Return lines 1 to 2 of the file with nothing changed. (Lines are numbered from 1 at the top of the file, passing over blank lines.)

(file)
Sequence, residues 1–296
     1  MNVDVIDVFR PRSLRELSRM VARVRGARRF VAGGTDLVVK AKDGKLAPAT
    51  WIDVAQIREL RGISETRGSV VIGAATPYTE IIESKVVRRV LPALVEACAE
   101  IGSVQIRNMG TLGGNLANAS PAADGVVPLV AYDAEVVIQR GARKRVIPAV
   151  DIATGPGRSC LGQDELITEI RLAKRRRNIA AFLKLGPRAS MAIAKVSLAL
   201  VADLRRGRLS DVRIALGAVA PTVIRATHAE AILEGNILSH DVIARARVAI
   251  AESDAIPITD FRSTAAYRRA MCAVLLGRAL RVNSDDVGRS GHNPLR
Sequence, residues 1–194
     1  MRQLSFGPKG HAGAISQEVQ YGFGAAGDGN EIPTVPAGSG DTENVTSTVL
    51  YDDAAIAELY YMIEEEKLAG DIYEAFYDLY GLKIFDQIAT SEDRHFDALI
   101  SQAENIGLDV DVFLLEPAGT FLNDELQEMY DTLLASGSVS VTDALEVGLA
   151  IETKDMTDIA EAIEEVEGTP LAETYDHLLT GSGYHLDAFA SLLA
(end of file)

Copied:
Sequence, residues 1–296
     1  MNVDVIDVFR PRSLRELSRM VARVRGARRF VAGGTDLVVK AKDGKLAPAT